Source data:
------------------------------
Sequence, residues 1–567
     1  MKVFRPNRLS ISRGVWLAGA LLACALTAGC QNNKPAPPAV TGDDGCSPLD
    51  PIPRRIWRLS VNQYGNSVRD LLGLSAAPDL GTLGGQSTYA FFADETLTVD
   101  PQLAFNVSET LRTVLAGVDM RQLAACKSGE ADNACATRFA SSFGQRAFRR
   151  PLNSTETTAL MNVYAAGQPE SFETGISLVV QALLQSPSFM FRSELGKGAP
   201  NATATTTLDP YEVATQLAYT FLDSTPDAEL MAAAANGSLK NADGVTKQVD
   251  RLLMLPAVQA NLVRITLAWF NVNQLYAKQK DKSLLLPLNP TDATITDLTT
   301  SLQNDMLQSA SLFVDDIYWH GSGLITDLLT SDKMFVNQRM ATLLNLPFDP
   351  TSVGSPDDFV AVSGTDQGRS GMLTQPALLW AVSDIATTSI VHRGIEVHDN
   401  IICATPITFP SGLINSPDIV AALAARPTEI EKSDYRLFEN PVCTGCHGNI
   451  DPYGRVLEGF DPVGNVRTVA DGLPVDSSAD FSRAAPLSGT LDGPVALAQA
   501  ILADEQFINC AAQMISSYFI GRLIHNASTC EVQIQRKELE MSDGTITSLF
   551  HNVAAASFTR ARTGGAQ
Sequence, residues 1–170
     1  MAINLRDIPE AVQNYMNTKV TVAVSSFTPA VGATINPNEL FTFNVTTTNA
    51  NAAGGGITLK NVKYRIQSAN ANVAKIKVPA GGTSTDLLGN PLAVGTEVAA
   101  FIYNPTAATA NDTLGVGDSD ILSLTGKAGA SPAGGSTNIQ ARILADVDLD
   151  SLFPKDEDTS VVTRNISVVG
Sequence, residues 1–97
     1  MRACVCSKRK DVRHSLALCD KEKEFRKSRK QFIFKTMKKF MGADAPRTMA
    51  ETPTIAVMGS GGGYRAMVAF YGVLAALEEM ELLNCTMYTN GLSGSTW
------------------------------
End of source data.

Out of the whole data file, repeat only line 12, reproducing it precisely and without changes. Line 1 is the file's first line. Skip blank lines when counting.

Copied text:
   501  ILADEQFINC AAQMISSYFI GRLIHNASTC EVQIQRKELE MSDGTITSLF